The online tools of modern practice

Our transition to life online has been steadily growing for more than a quarter of a century. The trend began with news media and information, followed by social media and entertainment and more recently we are seeing private businesses increasing their online presence.


The reasoning makes sense – businesses can provide better service to their customers and greater convenience, while often improving efficiency within the business’ systems and processes. Non-consumer-facing management systems, meanwhile, create similar productivity boosts within a practice.


So why isn’t everyone doing this? Often, the answer is at least one of the following reasons:


  1. The business owner or staff have reservations about trying something new in a space they are not familiar with
  2. There is a skill or knowledge gap whereby the business owner is unsure of how to set up these systems
  3. There is a perception that the setup cost can be prohibitive compared to the return that can be expected from it


These obstacles should be taken into consideration when developing an online plan, but learning from those around you and leveraging existing services is prudent when deciding if, and how, you want to move into the online arena.


Optometry is experiencing a strong move towards online platforms; be it point-of-sale, management systems or sales platforms, the tools available are myriad. Many suppliers now offer portals that perform various functions, so investigate these first before investing time and money in creating anything bespoke.


The Independent Optometry Group (IOG) invests considerable time in systems development. We are in a unique position to assist with the pain points listed above, with our sole aim being that of adding value to our members' practices through efficiency and productivity. This allows them to be the strongest independent practice they can be, with some powerful streamlined support.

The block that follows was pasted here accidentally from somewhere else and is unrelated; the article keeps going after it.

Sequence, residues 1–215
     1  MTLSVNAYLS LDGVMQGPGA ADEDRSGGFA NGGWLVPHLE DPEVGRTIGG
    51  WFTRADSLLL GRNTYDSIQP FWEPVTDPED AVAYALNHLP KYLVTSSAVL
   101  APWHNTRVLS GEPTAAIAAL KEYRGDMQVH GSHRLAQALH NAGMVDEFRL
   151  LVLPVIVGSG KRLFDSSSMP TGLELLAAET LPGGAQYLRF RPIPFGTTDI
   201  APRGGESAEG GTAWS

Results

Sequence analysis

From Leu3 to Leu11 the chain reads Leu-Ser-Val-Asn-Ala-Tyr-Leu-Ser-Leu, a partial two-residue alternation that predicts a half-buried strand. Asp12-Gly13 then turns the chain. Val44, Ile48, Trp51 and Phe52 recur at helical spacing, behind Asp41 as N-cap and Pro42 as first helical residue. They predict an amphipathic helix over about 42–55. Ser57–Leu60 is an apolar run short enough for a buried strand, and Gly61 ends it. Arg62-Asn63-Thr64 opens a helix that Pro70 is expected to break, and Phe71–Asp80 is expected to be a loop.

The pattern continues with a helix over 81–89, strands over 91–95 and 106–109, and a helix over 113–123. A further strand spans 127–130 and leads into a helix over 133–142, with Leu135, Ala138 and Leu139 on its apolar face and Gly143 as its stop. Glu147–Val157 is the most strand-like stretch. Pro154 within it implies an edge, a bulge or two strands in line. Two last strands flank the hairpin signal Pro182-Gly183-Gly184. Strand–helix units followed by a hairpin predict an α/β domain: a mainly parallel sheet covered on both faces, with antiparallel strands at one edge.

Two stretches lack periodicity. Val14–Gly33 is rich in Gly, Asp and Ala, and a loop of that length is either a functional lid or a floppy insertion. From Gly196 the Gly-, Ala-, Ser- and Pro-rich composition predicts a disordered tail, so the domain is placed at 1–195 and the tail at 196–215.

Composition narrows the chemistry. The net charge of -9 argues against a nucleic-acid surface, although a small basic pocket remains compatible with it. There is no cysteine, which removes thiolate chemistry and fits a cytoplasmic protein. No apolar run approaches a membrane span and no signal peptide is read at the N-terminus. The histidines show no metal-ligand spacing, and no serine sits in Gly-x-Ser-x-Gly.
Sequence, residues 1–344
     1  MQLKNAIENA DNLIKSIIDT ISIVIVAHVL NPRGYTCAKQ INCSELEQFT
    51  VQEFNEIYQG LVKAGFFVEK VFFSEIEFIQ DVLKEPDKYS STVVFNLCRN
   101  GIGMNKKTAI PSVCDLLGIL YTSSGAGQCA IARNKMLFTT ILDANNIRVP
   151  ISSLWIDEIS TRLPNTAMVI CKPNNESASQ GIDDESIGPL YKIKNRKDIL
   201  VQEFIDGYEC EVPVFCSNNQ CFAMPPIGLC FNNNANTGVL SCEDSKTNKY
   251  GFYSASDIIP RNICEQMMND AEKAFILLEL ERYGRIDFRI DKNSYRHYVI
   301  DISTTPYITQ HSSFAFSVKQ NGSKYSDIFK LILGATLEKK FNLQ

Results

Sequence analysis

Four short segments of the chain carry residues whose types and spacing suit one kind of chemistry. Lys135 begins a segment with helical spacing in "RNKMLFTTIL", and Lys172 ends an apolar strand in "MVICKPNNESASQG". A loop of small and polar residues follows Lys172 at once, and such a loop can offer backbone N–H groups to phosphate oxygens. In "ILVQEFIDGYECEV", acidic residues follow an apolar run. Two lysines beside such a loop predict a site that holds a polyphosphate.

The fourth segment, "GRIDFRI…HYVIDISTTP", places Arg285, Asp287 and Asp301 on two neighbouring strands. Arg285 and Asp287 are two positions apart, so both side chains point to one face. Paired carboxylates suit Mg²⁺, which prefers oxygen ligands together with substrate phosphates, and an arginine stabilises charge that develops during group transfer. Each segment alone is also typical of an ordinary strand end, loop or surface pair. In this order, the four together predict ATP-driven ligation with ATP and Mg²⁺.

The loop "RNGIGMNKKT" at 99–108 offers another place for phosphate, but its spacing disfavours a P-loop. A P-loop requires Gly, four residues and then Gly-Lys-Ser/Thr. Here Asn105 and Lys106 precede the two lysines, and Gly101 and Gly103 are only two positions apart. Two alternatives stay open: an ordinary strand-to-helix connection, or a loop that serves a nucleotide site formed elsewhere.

Creating efficiencies is only one aspect, though - ultimately, the impetus for businesses employing online tools is to increase profits. An online platform can provide an easy, comfortable way to increase revenue, or maintain it, especially in a year like 2020, which was difficult for face-to-face time with patients, but it can also create new ways of generating revenue through different pricing models and play a key role in customer retention, which is critical to long-term practice sustainability. Ultimately, both points can reduce your risk profile as a practice, securing revenue amid disruption in the short and longer term.


IOG recently launched its Xpress Online service allowing practices to easily operate in this space. It’s early in its rollout but the ability to offer contact lenses to patients in this way is proving useful. What is more fruitful, though, is a functionality that is hard to replicate offline. Critically, it is the practice’s own online store and it controls all pricing and the products that it wishes to sell; the IOG simply provides the SaaS (Software as a Service) platform.


A subscription service that gives patients the option to pay for their goods more conveniently over a 12-month period instead of all-in-one-go is also a powerful proposition, as more payment options for the consumer are more likely to result in a decision to purchase.


In short, there are plenty of systems out there, including some IOG is developing, that allow independent optometry practices to better compete, using tools and systems similar to those created within the corporate sector, which support growth in line with the trends that match and reflect current consumer behaviour.


Staying the same is no longer an option! Not moving forward with online platforms and services effectively means you are moving backwards as a business; with the current rapid rate of change, this could lead to being out of touch very quickly.


That said, there’s no need to make giant leaps and bounds overnight but opening a dialogue within your practice about these ideas is important. I would urge you to get a feel for how your younger team members purchase in other industries to explore the crossover.


The opportunities are most certainly there – all it takes is a little proactivity to get things moving in the online direction.


Campbell Wiltshire is the Independent Optometry Group’s business development and marketing manager. To find out more about how IOGroup can help make your practice thrive, please get in touch with Campbell at or IOGroup’s CEO Neil Human at


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